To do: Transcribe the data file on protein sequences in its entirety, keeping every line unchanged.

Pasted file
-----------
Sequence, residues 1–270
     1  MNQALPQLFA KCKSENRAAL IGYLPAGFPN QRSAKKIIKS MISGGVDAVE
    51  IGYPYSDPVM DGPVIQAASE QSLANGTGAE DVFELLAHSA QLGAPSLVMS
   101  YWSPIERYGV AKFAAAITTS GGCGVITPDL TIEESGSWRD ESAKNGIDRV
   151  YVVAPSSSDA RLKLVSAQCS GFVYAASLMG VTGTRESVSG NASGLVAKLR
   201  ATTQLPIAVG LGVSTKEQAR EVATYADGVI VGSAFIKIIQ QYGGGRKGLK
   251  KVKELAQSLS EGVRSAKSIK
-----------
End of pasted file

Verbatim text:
Sequence, residues 1–270
     1  MNQALPQLFA KCKSENRAAL IGYLPAGFPN QRSAKKIIKS MISGGVDAVE
    51  IGYPYSDPVM DGPVIQAASE QSLANGTGAE DVFELLAHSA QLGAPSLVMS
   101  YWSPIERYGV AKFAAAITTS GGCGVITPDL TIEESGSWRD ESAKNGIDRV
   151  YVVAPSSSDA RLKLVSAQCS GFVYAASLMG VTGTRESVSG NASGLVAKLR
   201  ATTQLPIAVG LGVSTKEQAR EVATYADGVI VGSAFIKIIQ QYGGGRKGLK
   251  KVKELAQSLS EGVRSAKSIK